SOLD: 2008 Toyota FJ Cruiser
THE FJ SOLD for $23,000 Oct 22nd 2011
Keeping this post up for anyone perversely interested in reading about it.
I’m selling the FJ Cruiser.
With the arrival of the baby, it has become more difficult to load the child, two dogs, and outdoor equipment of various sorts into the FJ. The reverse opening door (aka “suicide door”) makes loading the child into a car seat very hard, so I’ve upgraded to a Toyota Tacoma short box crew cab, off-road edition. Lots of room in the rear seat for the child and passengers, room in the back for wet muddy dogs and gear.
In the mean time, the FJ is for sale.
It’s a 6 speed manual transmission, off-road package. This version of the FJ operates in full time 4WD using front, center and rear differentials. The variable center differential changes the power distribution from 60/40 (rear/front) at low speeds, to 80/20 at high speeds. Switching to 4WD merely locks the center diff, giving you 50/50 power distribution between the front and rear axels.
It also has a rear differential lock, and Toyota’s A-TRAC (Active Traction Control) for difficult off-road situations. The A-TRAC uses computer control to decide which wheel to send the power. The computer controls all three differentials in this mode, moving power to where it is needed most. The locking rear diff is the “nuclear option” to get un-stuck.
I’ve changed the bumpers from stock plastic to high-clearance steel front and rear, and sliders on the sides. The front bumper is winch-ready and has two recovery points. The rear bumper has a hitch receiver – the vehicle comes with the towing harness, I’ve used it to tow a U-Haul and a snowmobile trailer.
You can see from the pictures it has the stock roof rack. I usually put a ski box up there, and it requires no aftermarket rack parts. For carrying bikes I had a tire-mount Thule rack (already sold). Also in the above photo you can see the custom-made shelf unit I made for the rear storage area – this allowed me to store packs and gear on two levels and made it easier to sort. You can have this for free if you buy the vehicle.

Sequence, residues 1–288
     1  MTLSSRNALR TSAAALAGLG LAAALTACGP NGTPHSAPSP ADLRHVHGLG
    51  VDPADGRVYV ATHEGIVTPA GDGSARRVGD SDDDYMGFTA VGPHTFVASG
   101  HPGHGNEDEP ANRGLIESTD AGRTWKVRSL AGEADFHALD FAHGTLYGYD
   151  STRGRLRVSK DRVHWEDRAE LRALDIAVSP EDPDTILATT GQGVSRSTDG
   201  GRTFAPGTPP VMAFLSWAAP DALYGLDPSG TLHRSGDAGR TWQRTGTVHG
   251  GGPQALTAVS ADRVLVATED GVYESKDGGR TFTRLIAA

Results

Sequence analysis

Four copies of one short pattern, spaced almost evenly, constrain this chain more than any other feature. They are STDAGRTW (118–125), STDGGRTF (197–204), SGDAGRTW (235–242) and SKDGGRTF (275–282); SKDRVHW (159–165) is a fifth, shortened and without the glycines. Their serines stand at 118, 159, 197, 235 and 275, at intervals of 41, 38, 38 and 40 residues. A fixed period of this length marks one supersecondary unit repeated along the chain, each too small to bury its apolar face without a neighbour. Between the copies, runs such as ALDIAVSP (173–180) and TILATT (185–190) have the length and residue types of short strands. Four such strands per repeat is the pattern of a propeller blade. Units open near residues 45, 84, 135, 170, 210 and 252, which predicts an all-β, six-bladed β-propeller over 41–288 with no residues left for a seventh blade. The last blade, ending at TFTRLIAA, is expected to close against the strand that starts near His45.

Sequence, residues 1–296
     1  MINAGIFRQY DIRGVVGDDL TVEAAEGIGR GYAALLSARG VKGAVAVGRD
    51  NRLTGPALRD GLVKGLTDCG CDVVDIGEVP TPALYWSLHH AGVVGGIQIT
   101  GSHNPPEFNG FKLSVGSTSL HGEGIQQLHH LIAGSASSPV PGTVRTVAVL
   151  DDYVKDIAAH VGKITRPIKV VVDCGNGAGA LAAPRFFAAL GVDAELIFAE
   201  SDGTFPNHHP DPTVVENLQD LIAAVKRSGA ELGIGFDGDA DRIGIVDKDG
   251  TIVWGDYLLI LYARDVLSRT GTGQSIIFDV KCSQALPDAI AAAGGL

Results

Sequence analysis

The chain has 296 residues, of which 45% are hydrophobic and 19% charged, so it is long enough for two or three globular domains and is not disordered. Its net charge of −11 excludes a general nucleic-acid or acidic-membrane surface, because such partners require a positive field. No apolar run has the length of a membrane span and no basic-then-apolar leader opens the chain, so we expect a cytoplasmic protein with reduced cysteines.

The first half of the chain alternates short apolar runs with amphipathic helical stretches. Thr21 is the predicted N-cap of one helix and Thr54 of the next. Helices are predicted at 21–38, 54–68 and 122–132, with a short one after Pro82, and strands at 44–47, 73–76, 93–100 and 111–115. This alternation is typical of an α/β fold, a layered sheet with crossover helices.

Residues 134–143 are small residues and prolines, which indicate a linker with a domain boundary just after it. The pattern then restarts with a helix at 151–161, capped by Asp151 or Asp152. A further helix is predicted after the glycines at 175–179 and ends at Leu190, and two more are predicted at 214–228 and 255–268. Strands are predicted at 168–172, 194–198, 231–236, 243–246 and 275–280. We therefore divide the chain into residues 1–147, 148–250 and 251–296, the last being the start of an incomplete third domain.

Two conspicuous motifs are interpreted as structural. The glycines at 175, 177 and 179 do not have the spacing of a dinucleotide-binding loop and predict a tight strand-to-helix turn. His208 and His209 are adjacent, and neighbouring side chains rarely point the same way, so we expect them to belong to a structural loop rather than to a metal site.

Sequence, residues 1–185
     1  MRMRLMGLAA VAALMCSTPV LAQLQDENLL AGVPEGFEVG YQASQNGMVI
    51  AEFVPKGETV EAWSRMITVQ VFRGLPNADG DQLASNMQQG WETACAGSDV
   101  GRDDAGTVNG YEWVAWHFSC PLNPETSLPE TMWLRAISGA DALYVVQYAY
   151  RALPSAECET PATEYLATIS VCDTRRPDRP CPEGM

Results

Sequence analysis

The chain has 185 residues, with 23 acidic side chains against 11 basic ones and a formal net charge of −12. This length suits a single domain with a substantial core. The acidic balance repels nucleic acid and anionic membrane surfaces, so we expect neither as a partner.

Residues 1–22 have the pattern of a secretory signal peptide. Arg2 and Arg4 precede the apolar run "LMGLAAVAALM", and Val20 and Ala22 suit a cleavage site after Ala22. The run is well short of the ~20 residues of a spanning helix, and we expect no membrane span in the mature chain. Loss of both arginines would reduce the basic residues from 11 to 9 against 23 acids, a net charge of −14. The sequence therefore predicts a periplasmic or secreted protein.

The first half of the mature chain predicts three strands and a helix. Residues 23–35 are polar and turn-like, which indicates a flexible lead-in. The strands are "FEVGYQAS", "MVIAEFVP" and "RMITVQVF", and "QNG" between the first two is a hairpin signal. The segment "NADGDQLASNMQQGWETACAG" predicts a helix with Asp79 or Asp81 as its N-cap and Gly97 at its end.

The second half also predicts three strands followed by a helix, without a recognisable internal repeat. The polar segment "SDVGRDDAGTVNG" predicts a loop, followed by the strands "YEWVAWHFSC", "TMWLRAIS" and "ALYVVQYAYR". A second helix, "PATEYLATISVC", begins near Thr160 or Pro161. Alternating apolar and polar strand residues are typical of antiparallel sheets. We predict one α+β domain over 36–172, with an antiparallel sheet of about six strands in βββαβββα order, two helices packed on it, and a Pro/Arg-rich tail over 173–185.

I have not lifted or modified the suspension in any way. I usually ran it with a set of BF Goodrich All-Terrain T/A KO tires, but it is being sold with 5 BFG Rugged Trail T/A. Note that unlike some of the photos, the rims are stock alloy rims (those in the photos are the winter rims, which I am keeping). With the all-wheel drive, stability control, ABS and on-road traction control, I found that this vehicle performed better on snow and ice than anything else I’ve ever driven. If you put a good set of chains on it, it drives like a tank.
Many people are under the impression that the view from the drivers seat is limited. The view out the front is in fact better than many other vehicles, including my new Tacoma. The illusion that the windshield is small comes from the fact that it is very steep. The driver’s seat is adjustable in height which is very useful for drivers of different sizes. Also, when driving off-road I tended to move it up to giver me a better sightline over the hood.
Sightlines out the side and back of the truck are another matter – but when compared with a pickup they are not unusually bad. You could easily consider an after market backup camera and most of your issues would be solved in this regard.
I am 6’5”, 220lbs and I can say that this is the most comfortable vehicle I’ve ever driven, again including the new Tacoma. the head height is immense, and the leg room is more than I need ( I typically have the seat one notch from the last setting). I can drive the car with ski boots if I have to. The driver and passenger seats have armrests, and both sides have two sun visors – one for the front and one for the side.